The prison population in England and Wales reached a record high for the third week running today as the courts continued to jail hundreds of people involved in the riots.
But the speed with which the prison population is rising following the riots appears to have slowed, with an increase of 167 this week compared with 723 last week, Ministry of Justice figures showed.
The total number of prisoners hit 86,821, compared with last week's record of 86,654, taking the population to about 1,500 short of the usable operational capacity of 88,338.
The Government has said there will be enough jail places for anyone sentenced to custody as a result of the violence and looting which swept across England's cities earlier this month, and contingency measures are also in place.
The rise - about 20 per day over the last week, compared with about 100 a day the previous week - comes as almost 1,500 people have appeared in court charged with offences linked to the riots.
A tough approach by the courts has seen seven in 10 of those charged remanded in custody, compared with just one in 10 of those charged with serious offences last year.
Prisons Minister Crispin Blunt has said there will be a "one-off increase in prison numbers as people serve their sentences" but that the new wave of inmates will not necessarily change long-term estimates of prison numbers.
Speaking on Tuesday, he said jails can cope with the spike in numbers and has defended the tough sentences in the wake of rioting.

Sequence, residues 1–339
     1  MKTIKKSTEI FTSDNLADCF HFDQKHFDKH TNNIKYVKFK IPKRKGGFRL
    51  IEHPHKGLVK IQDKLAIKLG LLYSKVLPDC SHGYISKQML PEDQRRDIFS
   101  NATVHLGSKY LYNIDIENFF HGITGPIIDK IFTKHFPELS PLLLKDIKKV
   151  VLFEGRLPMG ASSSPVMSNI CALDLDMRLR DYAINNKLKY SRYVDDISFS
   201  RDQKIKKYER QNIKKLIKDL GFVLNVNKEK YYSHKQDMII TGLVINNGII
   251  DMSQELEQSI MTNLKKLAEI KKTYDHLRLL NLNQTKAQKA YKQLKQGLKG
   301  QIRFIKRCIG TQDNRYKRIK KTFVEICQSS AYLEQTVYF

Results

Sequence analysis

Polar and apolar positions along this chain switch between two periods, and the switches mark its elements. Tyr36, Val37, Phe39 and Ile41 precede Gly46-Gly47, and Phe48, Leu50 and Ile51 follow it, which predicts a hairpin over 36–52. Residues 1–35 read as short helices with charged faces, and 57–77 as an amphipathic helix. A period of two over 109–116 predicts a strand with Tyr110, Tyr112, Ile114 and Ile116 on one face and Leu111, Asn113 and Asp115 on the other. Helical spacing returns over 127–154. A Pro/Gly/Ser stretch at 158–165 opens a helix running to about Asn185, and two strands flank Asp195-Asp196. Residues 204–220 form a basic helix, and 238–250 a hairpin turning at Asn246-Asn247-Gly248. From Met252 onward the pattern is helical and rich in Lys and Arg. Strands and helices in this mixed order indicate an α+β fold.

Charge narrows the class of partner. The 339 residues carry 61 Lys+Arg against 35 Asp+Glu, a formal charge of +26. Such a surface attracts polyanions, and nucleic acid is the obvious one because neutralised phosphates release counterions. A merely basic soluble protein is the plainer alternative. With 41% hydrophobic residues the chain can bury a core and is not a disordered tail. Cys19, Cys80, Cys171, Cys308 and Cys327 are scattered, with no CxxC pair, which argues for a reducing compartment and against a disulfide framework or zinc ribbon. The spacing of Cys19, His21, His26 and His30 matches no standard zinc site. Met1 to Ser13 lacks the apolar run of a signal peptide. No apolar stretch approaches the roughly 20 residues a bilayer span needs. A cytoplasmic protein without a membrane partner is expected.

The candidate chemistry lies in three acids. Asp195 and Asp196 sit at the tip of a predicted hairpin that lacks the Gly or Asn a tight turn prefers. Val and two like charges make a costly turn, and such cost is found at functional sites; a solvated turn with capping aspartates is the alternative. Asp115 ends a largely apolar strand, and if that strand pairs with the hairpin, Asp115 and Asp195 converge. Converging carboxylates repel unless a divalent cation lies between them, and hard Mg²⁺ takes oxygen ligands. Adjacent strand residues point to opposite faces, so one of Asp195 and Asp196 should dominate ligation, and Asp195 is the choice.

"We are completely confident that the prison system and justice system are going to be able to cope with what the police are producing for us," he said.
"This is an exceptional event. What we have to do is make sure there are prison places for those sent to prison by the courts and we will continue to do that regardless of how many people are sent to prison."
Contingency plans to manage the "unprecedented situation" could involve bringing on new accommodation early, using extra places in the public and private estate, or reopening mothballed accommodation.
And it could also trigger plans to accommodate prisoners in police cells.
The usable operational capacity, some 88,338 places, is the total number of prisoners that the jails in England and Wales can hold, taking into account control, security and the proper operation of the planned regime, less 2,000 places.
This reflects the constraints imposed by the need to provide separate accommodation for different prisoners, perhaps because of their sex, age, security category, conviction status, or because of a single cell risk assessment.
It also reflects the geographical distribution of the places, the Prison Service said.
The governors of all prisons in England and Wales were also urged last week to take steps to ensure the safety of inmates jailed over the riots after a "nasty" assault between rival gangs left two prisoners in hospital.
The Prison Service sent an email to governors reminding them of the need to warn new inmates of the risks of stating where they live, what gang they may be in or what team they may support.
Juliet Lyon, director of the Prison Reform Trust, said: "The Prison Service is disciplined and used to coping with crises but the sudden influx of people has made a number of pre-existing problems worse.
"More than half of our prisons were grossly overcrowded before the riots with many prisoners, including children and young people, held long distances from their homes.
"Too many people were already in limbo, awaiting trial or a parole hearing.
"A surge in first-timers and remand prisoners increases levels of risk and uncertainty.
"The sooner the service can get on with its work with the most serious and violent offenders, and those who have committed lesser public order offences are required to payback to victims and repair damage in their communities, the better."